Center for Teaching Excellence

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Pittsburgh, PA 15282
Email: cte@duq.edu
Phone: 412.396.5177

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    Changing the Game through Formative Assessment

    According to Morgan and O’Reilly (1999), many in higher education believe that assessment is a game played by faculty and students:

    “Assessment seemed to be viewed as something of a game by teachers and learners alike.  Success seemed to rest on one’s capacity to play the game: to ‘crack the code,’ to work out what was wanted by individual assessors, to feed back their most favored theories, and so on.”

    The problem with this approach to learning is that many students are simply cue-deaf and unable to crack the code.  To maximize the potential for learning, faculty should work at implementing good feedback practices.  According to Hattie (1987), the most powerful single influence on student achievement is feedback.

     

    Seven Principles of Good Feedback Practice

    1.  helps clarify what good performance is (goals, criteria, expected standards);
    2.  facilitates the development of self-assessment (reflection) in learning;
    3. delivers high quality information to students about their learning;
    4.  encourages teacher and peer dialogue around learning;
    5.  encourages positive motivational beliefs and self-esteem;
    6. provides opportunities to close the gap between current and desired performance;
    7. provides information to teachers that can be used to help shape the teaching.
      (Nicol & Macfarlane-Dick, 2006)

    Classroom and Online Examples of Good Feedback

    Example #1

    In a study of first-year biology students, Orsmond and his colleagues gave exemplars of biology posters to students who used the exemplars to develop grading criteria that they applied to their posters via self and peer assessments.  Two results of using exemplars are worth noticing: 1. “The use of exemplars forms a focus for meaningful formative feedback.” 2. “The use of exemplars can help students demonstrate greater understanding of both marking criteria and subject standards” (Orsmond, Merry & Reiling, 2002).  If you are unfamiliar with using exemplars, the following definition will help: “Exemplars are key examples chosen so as to be typical of designated levels of quality or competence. The exemplars are not the standards themselves, but are indicative of them; they specify standards implicitly” (Sadler, 1987).

     Example #2

    “In an online or blended learning context, exemplars are easily made available to students for consultation, for example, within a virtual learning environment (VLE). However, it might be more effective to supplement this strategy with additional activities that encourage students to interact with, and externalize, criteria and standards. For instance, groups of students might be required, before carrying out an assignment, to examine two exemplars of a completed task (e.g. a good and a poor essay) and to post within an online discussion board their reasons why one is better than the other including the criteria they had used to make this judgment. The teacher might then clarify any areas of misunderstanding (mismatches in conceptions) and publish online a criterion sheet that draws on this student-generated discussion” (Nicol & Milligan, 2006).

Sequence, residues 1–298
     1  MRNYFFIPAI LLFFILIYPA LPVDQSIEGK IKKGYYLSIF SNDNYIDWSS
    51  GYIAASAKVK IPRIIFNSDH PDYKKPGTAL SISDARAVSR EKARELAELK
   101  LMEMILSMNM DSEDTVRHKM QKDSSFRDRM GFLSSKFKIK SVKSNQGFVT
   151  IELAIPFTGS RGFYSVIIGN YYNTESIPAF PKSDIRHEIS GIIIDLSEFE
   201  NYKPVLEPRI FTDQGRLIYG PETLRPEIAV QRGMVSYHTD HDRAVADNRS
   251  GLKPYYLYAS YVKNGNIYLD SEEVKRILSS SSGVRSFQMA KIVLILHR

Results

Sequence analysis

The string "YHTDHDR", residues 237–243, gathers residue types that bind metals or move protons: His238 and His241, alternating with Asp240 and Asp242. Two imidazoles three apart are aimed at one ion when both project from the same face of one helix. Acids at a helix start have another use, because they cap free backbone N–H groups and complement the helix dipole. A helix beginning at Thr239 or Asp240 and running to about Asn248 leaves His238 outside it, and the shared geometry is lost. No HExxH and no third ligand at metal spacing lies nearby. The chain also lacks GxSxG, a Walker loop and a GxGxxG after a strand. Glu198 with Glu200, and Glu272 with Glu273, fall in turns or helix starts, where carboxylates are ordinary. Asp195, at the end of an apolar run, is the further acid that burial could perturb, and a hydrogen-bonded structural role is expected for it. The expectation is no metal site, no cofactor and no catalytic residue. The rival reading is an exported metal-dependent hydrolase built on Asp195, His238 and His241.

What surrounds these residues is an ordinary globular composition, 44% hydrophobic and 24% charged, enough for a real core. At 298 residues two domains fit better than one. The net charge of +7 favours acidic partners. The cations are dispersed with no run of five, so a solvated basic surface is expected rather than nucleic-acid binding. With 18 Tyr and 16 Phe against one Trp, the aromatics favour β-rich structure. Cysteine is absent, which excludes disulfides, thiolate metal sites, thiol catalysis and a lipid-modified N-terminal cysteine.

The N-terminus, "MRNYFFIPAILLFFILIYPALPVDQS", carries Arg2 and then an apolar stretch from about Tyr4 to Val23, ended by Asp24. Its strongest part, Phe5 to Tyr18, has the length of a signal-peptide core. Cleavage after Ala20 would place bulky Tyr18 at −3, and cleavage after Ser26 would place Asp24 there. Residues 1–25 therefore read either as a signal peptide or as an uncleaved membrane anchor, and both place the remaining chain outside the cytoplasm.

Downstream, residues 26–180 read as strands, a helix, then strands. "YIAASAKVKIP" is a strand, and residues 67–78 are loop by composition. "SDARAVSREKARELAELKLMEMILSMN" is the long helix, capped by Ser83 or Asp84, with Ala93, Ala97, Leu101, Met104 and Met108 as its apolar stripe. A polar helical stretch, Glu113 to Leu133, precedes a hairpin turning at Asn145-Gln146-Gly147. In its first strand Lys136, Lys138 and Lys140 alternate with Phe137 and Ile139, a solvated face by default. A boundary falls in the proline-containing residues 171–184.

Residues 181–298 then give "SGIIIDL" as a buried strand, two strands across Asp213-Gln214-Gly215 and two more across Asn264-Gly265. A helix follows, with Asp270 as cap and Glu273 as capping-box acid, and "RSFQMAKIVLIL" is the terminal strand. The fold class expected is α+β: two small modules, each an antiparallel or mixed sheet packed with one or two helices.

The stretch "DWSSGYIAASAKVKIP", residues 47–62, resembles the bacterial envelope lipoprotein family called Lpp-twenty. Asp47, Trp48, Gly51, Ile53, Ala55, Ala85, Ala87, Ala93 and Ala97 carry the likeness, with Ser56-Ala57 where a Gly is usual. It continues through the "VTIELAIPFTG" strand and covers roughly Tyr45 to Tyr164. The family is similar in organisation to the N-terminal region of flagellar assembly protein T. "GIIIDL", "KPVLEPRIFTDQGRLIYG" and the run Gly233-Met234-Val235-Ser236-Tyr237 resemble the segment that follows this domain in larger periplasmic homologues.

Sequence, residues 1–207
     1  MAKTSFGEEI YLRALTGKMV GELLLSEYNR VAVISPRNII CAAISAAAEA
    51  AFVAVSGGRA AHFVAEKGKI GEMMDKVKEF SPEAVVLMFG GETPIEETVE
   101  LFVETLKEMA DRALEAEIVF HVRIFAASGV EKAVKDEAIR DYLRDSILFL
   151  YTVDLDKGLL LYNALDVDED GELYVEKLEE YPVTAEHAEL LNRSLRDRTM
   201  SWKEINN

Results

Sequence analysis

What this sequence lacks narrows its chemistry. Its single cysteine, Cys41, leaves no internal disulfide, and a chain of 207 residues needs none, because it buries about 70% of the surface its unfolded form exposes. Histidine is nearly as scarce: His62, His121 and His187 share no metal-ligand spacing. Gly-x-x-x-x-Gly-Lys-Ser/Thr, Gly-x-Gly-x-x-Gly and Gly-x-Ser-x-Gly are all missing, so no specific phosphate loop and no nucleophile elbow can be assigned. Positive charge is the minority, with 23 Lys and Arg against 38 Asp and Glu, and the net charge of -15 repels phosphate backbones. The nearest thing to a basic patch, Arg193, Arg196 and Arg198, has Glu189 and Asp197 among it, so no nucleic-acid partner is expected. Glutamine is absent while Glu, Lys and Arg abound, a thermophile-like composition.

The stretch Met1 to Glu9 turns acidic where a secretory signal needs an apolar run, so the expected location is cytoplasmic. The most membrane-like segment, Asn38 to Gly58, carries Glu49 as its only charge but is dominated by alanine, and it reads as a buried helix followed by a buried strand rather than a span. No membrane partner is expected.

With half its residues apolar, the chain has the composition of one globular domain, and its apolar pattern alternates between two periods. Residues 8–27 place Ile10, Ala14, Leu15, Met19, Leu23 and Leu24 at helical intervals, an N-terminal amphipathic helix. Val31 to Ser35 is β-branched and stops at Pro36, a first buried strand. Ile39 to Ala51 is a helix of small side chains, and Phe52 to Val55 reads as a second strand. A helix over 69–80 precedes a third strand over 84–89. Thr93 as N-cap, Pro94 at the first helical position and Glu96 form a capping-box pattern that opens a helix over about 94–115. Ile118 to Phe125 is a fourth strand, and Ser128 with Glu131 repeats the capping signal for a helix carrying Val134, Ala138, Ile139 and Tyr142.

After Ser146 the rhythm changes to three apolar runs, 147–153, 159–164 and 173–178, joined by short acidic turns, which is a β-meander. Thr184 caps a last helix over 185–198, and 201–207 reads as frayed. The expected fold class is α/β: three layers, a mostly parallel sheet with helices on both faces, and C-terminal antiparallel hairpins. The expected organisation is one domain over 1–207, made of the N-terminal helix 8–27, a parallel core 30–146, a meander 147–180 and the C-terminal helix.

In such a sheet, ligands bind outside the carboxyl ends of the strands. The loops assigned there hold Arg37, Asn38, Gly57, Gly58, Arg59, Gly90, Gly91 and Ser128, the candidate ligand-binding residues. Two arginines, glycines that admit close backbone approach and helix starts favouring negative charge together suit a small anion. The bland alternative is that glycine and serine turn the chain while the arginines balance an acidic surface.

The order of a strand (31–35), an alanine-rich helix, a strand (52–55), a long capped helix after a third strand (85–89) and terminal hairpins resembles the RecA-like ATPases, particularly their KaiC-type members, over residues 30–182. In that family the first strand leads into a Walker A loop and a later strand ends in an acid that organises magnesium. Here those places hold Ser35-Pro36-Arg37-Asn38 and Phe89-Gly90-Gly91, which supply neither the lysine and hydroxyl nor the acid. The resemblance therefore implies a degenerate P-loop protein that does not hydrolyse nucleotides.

Example #3

    “Forbes & Spence (1991) reported a study of assessment on an engineering course at Strathclyde University. When lecturers stopped marking weekly problem sheets because they were simply too busy, students did indeed stop tackling the problems, and their exam marks went down as a consequence. But when lecturers introduced periodic peer assessment of the problem sheets — as a course requirement but without the marks contributing — students’ exam marks increased dramatically to a level well above that achieved previously when lecturers did the marking. What achieved the learning was the quality of student engagement in learning tasks, not teachers doing lots of marking. The trick when designing assessment regimes is to generate engagement with learning tasks without generating piles of marking.” (Gibbs & Simpson, 2004)

    Resources:

    Gibbs, Graham, and Simpson, Claire. (2004) Conditions under which assessment supports students’ learning.  Learning and Teaching in Higher Education 1, pp. 3-31.

    Hattie, J.A. (1987) Identifying the salient facets of a model of student learning: a synthesis of meta-analyses. International Journal of Educational Research 11, pp. 187-212.

    Morgan, C. & O’Reilly, M. (1999).  Assessing open and distance learners. Sterling, VA: Stylus Publishing.

    Nicol, David J., and Macfarlane-Dick, Debra. (2006). Formative assessment and self-regulated learning: a model and seven principles of good feedback practice.  Studies in Higher Education 31, no. 2, pp. 199-218.

    Nicol, D. J. & Milligan, C. (2006), Rethinking technology-supported assessment in terms of the seven principles of good feedback practice. In C. Bryan and K. Clegg (Eds), Innovative Assessment in Higher Education, Taylor and Francis Group Ltd, London

    Orsmond, Paul, Merry, Stephen & Reiling, Kevin. (2002). “The Use of Exemplars and Formative Feedback when Using Student Derived Marking Criteria in Peer and Self-Assessment.” Assessment & Evaluation in Higher Education 27, no. 4, pp. 309- 323.

    Sadler, D. Royce. (1987). “Specifying and Promulgating Achievement Standards.” Oxford Review of Education 13, no.2, pp. 191-209.